Ali Al-Naimi, minister of petroleum and mineral resources of Saudi Arabia. (Getty)
Saudi Arabia will continue to meet any additional oil demand and help moderate prices, but the recent surge in crude prices is not due to any supply shortfall, Saudi Oil Minister Ali al-Naimi said on Monday.
“Saudi Arabia is concerned about rising oil prices in the international oil market. The current high price of oil is simply not supported by market fundamentals,” Naimi in a statement sent to the media.
“Saudi Arabia will, as always, take all necessary steps to ensure the market is well supplied and to help moderate prices – and we will meet any additional demand from our customers,” Naimi said four days after Obama administration officials met to consider another release of emergency oil stocks.
Brent crude oil prices have surged about 20 per cent since oil producers’ group OPEC last met in June and have largely traded in a range of $112-117 a barrel since mid August despite ongoing concern over weak economic growth.
“The market is well balanced, forward cover remains within an acceptable range and inventories are more than adequate,” Naimi said.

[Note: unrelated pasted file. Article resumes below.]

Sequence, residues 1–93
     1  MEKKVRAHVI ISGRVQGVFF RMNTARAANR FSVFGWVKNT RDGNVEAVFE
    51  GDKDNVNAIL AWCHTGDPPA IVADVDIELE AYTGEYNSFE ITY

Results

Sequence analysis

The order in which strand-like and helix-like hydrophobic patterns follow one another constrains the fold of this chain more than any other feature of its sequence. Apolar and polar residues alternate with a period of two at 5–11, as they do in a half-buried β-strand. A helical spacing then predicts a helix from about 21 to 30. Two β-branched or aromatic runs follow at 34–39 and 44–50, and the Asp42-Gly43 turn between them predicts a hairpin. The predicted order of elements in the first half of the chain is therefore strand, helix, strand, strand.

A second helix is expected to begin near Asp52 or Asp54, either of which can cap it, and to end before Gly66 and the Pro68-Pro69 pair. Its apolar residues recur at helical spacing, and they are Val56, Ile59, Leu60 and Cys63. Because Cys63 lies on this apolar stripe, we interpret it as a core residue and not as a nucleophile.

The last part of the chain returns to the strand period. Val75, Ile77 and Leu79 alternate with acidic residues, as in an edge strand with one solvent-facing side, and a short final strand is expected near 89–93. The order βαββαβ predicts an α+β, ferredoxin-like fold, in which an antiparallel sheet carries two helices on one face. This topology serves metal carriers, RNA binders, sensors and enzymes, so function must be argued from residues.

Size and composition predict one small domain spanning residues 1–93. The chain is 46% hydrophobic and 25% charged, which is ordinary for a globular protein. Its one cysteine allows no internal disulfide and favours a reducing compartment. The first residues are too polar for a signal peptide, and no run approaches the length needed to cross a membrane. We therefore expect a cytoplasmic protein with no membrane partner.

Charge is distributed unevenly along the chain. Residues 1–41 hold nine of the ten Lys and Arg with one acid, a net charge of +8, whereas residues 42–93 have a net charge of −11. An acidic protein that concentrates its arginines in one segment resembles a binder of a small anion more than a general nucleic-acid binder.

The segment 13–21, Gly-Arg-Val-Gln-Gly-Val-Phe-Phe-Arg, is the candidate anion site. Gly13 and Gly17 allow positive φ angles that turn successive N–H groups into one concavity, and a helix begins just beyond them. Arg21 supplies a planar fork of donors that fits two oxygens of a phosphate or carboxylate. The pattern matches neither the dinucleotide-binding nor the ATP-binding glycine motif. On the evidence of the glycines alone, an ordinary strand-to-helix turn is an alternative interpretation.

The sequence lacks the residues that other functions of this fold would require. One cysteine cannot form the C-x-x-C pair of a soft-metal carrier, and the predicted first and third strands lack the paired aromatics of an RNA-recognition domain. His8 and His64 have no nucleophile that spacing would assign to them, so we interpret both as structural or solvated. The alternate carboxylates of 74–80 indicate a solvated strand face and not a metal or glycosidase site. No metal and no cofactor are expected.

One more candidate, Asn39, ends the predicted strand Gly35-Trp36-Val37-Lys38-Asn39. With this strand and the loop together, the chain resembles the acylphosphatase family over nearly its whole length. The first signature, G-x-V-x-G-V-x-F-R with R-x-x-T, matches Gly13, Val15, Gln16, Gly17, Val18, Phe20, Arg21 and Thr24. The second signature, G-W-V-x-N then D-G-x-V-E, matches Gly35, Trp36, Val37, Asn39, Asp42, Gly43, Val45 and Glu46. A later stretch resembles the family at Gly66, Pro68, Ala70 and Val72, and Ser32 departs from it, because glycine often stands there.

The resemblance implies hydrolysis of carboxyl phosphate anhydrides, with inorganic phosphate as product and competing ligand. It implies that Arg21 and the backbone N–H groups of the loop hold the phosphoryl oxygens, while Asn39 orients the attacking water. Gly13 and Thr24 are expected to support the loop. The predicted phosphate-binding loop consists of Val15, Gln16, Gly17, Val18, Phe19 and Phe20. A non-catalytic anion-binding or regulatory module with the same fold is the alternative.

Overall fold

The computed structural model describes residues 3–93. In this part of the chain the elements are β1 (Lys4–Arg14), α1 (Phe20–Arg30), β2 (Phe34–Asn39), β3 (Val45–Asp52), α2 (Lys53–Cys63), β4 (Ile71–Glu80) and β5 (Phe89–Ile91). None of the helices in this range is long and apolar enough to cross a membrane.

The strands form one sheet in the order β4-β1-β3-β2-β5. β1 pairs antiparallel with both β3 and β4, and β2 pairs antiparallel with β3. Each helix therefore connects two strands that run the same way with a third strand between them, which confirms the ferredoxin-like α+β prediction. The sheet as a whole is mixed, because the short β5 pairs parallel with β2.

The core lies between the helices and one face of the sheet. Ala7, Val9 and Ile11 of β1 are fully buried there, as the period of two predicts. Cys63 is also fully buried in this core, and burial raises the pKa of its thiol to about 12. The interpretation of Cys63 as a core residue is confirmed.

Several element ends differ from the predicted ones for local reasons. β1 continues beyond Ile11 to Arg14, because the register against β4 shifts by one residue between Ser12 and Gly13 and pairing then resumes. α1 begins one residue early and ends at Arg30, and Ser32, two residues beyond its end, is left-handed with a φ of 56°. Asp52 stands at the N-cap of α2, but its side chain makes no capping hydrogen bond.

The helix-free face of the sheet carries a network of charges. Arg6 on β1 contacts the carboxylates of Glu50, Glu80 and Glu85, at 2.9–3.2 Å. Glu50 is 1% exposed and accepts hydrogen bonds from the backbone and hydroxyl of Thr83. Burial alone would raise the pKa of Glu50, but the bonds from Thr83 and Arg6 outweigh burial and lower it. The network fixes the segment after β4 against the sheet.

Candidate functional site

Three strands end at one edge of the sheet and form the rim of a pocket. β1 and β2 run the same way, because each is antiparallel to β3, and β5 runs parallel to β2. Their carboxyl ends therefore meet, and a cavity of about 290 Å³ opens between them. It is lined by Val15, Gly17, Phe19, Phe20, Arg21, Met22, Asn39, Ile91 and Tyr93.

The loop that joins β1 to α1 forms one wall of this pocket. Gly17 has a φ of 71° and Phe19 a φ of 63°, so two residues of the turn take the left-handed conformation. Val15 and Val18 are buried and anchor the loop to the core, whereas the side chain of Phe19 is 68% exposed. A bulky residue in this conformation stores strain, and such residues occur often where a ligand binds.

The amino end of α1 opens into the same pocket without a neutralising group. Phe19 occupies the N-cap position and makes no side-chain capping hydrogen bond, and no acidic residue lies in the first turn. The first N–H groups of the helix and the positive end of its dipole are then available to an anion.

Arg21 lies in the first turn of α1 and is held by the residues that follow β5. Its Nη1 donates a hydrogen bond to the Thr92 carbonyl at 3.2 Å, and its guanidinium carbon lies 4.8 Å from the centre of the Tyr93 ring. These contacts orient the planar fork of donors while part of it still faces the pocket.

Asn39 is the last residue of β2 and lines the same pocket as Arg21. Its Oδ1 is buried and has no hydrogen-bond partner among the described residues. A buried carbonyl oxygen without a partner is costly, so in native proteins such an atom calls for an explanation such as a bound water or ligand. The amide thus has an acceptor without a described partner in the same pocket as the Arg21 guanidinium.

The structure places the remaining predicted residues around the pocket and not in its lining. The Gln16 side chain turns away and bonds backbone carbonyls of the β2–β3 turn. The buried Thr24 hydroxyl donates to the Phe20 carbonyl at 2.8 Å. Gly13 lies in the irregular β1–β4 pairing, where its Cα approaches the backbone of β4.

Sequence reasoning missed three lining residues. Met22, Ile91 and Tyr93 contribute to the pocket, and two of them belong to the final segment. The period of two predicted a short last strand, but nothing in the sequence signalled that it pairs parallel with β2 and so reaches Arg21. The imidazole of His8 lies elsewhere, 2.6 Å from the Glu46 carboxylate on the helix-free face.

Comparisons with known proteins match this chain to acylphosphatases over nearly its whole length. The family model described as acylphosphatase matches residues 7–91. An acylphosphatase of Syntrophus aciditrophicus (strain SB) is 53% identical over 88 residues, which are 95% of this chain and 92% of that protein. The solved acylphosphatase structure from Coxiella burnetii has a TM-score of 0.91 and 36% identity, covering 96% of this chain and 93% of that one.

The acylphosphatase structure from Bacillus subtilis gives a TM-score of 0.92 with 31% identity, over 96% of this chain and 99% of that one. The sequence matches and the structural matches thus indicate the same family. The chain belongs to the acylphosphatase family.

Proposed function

“We will continue to work in collaboration with other Gulf Cooperation Council nations, and with OPEC to defend the stability of the oil market.”
Last Thursday’s meeting between U.S. government officials and oil market analysts was read by some as a sign that President Barack Obama is intent on pressing ahead with an unprecedented second tapping of U.S. government oil supplies.
The last stock release after OPEC’s June 2011 meeting angered OPEC officials, who viewed it as meddling in the market.
But Washington and its western allies fear high oil prices could harm their fragile economies and it has been clear for weeks that the White House is looking to the Strategic Petroleum Reserve (SPR) for some relief.
Reuters first reported last month that the administration was “dusting off” plans that had been shelved in the spring, when prices fell. At that time a source familiar with the talks said officials would be looking closely at whether gasoline prices fell after Labor Day, which was on Monday.
They remain stubbornly high, after Hurricane Isaac shut down a swath of Gulf Coast refineries and a deadly blast in Venezuela temporarily crippled production in part of the world’s second-biggest refinery.